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Furman Alumni Librarians Part 20: Sara DeSantis ’17

Photo of Sara DeSantisSara DeSantis ’17

This is part 20 in our weekly summer blog series in which we highlight some of the amazing Furman alumni who have gone on to work in library and information professions. Click here to view all posts in this series.

Today our featured alumni is Sara DeSantis ’17. She graduated from Furman with a bachelor’s degree in political science & philosophy. In 2018 she completed her master’s in library and information science through the University of South Carolina. DeSantis has worked in both academic and public libraries including the Furman University Libraries and Greenville County Library System. Currently, she serves as a reference and research librarian at the University of South Carolina Upstate where she specializes in social media, marketing, and outreach.

What has been your professional path to your current position?

“While at Furman I was an intern for the Library. I also worked as a student worker. I did that my Junior and Senior year. Right after I graduated from Furman I went to get my masters. During that time I also worked at the public library, and I did one year of working in the evenings as a library outreach assistant for Furman – what a year! Right after I finished my MLIS I was offered a job at USC Upstate as a Reference and Research Librarian – I have just passed my one year work anniversary!”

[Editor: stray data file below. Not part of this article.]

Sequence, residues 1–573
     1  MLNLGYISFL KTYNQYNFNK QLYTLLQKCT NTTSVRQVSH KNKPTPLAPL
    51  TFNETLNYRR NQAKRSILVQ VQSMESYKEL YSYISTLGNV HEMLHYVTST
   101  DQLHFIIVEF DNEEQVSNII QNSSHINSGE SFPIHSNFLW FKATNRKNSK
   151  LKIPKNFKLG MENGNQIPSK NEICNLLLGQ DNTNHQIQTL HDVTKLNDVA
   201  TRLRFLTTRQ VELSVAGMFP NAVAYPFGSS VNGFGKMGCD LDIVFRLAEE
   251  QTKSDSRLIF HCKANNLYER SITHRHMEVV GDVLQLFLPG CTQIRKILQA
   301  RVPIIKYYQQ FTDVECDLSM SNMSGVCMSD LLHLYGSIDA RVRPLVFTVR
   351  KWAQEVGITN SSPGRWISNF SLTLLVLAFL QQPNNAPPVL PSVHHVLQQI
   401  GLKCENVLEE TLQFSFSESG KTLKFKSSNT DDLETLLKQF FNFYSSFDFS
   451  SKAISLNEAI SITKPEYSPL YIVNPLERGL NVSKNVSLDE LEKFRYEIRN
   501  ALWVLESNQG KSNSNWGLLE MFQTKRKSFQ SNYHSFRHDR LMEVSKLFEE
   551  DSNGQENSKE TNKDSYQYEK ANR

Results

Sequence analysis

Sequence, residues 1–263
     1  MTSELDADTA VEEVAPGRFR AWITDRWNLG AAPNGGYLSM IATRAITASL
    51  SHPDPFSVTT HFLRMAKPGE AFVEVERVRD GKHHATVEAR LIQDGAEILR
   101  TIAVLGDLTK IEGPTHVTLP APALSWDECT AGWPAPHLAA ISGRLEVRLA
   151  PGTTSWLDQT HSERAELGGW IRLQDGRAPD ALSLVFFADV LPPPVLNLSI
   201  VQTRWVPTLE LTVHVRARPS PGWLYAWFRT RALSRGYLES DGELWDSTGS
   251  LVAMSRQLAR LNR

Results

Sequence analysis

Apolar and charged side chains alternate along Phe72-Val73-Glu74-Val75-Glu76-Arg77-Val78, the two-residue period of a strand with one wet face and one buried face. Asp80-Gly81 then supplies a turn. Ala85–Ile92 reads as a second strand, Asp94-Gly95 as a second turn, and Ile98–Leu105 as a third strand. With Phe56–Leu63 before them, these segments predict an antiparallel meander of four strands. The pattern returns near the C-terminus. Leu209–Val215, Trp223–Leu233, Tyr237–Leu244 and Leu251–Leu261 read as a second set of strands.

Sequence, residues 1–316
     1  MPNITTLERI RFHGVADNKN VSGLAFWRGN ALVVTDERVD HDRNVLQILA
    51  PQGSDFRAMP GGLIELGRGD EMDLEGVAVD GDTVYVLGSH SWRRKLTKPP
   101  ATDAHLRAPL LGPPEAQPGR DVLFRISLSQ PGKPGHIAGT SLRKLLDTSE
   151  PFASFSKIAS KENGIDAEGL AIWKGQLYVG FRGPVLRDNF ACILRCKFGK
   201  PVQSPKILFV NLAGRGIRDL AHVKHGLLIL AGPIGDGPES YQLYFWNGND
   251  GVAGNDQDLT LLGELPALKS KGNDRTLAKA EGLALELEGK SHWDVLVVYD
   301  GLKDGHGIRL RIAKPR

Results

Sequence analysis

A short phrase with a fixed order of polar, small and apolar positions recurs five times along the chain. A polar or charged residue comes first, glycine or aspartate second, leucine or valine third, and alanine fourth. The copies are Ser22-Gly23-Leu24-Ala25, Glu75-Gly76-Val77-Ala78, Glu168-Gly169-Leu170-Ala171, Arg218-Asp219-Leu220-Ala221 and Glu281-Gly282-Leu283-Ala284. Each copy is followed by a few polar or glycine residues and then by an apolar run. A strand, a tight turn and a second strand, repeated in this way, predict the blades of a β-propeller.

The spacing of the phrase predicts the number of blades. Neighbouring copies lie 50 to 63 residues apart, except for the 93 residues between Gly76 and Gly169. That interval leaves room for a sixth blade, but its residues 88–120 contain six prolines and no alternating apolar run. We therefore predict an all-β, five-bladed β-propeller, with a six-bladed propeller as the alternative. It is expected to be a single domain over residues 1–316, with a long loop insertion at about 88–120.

Tell us a little bit about how you chose to work as a library and information professional?

“I went to Furman with the plan to be a biology major and becoming a dentist. I realized I was terrible and chemistry and that this was not the right route for me. I did enjoy research though and have always had a love for researching. I went to the career services center to take a test for what I should do in my life. Librarian was the #1 result and I dismissed it because I thought librarians just told people to “shh…” – well I was wrong! It wasn’t until the summer after my Sophomore year that I really considered this. My dad told me I should reach out to the librarians at Furman and to talk to my advisor. My advisor thought this would be the best career for me because she did see I enjoyed researching. I emailed a few different librarians at Furman and talked to them about what they did. I had no idea librarians got a master’s degree and that academic librarians could be involved in so many areas of campus! I loved this and knew that I would enjoy a job as an academic librarian! I was given the opportunity to intern at the Furman library and to be a student worker. All of the Furman librarians and staff were so helpful and encouraging – I knew that libraries brought together such nice, interesting, and fun people to work with! The irony is that I am now the Chemistry Liaison and I love helping students with these types of research problems, but am so happy I am not the student!”

What is the most interesting library in which you’ve worked?

“The Five Forks Library for the Greenville County Library System. I was part of the first staff to work at this new branch! It was such a great experience because I helped put new books on the shelf, I gave input on how we should run our branch, and I worked with an amazing staff (Miles was there!). This branch was brand new and has amazing technology, like an automated system for returning books. It’s a beautiful building and is the library of the future. I would encourage anyone in the Upstate area to visit the library – it’s like nothing you have seen!”